April 21st, 2009

Florentine Opera: The Magic Flute

Sunday ended this year's Florentine Opera season with Mozart's "The
Magic Flute." This was the first "Magic Flute" for us since we saw the
spectacular performance by the Staatsoper while we were in Vienna. We
thought this one might be a bit of a come-down, but the Florentine has
been doing excellent shows lately, so it wasn't a given.

The important lead roles were all excellently done. Ryan MacPherson as
Tamino, Ava Pine as Pamina, Heather Buck as the Queen of the Night, and
Craig Verm as Papageno all sang well and strongly, and enunciated the
English text clearly enough to be understood without the supertitles, as
did most of the cast. The principals moved well and with expression
also, a good thing since the stage direction was otherwise

"Undistinguished" unfortunately applied to a number of other elements of
the show, notably the set, which was a uniformly dull white collection
of ramps and panels. The could be, and were, moved about to suggest
scene changes, but nothing was done that suggested any particular place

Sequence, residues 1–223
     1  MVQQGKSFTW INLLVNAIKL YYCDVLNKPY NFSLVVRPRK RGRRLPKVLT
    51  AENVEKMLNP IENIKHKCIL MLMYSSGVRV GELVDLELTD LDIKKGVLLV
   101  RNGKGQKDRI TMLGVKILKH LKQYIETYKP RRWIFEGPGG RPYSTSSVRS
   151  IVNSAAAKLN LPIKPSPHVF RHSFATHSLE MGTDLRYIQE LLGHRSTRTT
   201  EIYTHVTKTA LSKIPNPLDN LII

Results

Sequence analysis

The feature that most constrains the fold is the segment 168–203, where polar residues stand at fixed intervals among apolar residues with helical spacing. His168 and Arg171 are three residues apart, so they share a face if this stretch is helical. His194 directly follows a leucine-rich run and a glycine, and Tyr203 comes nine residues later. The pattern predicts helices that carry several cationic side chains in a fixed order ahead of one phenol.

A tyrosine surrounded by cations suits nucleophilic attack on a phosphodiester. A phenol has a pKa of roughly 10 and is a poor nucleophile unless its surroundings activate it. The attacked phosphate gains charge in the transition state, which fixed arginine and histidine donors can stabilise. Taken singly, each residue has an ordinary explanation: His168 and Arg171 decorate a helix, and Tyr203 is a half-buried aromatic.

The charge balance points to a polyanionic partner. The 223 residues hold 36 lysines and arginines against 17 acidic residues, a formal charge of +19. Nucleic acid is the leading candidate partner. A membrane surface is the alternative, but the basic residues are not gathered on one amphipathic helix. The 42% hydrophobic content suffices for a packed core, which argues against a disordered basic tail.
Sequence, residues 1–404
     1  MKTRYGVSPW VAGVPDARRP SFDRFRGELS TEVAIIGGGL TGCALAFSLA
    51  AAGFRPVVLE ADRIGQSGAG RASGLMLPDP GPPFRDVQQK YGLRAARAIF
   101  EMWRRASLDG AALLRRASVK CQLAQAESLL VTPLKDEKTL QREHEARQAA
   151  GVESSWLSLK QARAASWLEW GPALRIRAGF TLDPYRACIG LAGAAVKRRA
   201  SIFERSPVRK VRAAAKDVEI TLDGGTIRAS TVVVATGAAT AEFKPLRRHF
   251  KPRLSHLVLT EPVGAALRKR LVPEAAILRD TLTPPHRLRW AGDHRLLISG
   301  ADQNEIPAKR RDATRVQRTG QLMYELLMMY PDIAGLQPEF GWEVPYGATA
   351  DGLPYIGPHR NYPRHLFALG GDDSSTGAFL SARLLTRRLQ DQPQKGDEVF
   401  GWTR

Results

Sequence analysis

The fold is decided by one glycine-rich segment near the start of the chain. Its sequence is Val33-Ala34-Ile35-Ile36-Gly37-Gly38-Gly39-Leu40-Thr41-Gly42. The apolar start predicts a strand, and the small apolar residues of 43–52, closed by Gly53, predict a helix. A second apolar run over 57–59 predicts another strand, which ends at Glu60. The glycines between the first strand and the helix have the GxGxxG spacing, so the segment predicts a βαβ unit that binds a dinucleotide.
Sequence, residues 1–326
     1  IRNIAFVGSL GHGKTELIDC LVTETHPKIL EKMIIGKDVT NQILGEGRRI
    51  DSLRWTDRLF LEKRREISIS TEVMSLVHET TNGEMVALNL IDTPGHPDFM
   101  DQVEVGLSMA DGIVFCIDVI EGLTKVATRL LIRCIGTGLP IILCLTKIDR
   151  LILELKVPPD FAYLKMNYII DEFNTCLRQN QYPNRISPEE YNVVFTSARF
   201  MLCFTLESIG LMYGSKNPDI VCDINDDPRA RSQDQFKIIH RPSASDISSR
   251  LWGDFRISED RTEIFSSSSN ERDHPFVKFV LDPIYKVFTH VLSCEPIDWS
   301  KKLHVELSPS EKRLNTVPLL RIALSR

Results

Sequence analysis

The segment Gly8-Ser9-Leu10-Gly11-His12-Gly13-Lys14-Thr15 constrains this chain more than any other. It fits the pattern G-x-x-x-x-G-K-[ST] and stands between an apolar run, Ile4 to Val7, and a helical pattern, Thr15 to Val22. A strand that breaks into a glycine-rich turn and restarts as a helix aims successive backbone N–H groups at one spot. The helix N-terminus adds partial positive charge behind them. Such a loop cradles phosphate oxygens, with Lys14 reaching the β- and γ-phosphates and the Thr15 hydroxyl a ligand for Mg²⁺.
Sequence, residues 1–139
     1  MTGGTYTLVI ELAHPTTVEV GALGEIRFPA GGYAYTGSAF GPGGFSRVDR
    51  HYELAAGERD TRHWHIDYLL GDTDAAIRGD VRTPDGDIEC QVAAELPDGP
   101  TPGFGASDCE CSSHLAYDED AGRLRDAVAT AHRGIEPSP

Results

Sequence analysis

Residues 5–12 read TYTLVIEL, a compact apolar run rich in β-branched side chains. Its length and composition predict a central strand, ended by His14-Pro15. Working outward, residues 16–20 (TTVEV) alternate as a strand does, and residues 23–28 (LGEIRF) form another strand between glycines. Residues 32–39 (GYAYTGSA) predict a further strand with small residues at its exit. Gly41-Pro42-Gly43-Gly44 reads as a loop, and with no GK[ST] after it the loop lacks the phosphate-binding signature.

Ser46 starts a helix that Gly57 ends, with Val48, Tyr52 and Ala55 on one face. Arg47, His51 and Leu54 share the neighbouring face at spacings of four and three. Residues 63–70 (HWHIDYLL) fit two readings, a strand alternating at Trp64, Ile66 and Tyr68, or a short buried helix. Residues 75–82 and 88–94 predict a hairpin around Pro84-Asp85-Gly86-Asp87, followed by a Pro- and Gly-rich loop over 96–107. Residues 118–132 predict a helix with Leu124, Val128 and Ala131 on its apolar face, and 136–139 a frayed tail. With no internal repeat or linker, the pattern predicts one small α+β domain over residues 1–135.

(a challenge at best, since much of the second half takes place in the
trackless catacombs of Sarastro's Temple).
The panels were used for projections a couple of times, but is seemed
like inspiration ran out after the first couple of scenes and this
capability was underused. The light plot was also minimal, and did
little except hint at mood changes.

David Cushing as Sarastro may not have been in good voice: unlike many
of the cast members, he has sung here before, as Masetto in "Don
Giovanni" in 2006, and I think I'd have recalled a singer whose voice
was as wooly and lacking in resonance. Georgie and Kate also thought
that Colleen Brooks as the Third Lady was not up to snuff. I didn't hear
that, but I'd be the first to admit that their ears are sharper than
mine--. We all agreed that the choice to cast women as the Three Spirits
instead of children was a poor one. The singers did well and nothing
wrong, it is just that even lighter women's voices lack the ethereal
quality that boys can give to these roles.

That said, there was much else good. Rodell Rosel as Monostratos gave a
very fresh take on the role. Sarastro's rogue henchman is often a
looming menacing presence: Rosel, who is small and athletic, gave us a
very funny Monostratos in the "sexually frustrated homely runt" genre.
Greer Davis-Brown gave us a very charming Papagena. The home-grown
costume design by Christianne Myers was very nice, especially for the
Queen and her Ladies, Papageno and Papagena, and subtle effects in
Pamina's costume. The Florentine Opera chorus was in good voice and
drill, and Maestro Joseph Rescigno lead the orchestra in balance, pitch
and precision that were right on for this performance.

It was still an enjoyable afternoon at the opera for us, just a bit
unsatisfying since we know the Florentine can do better.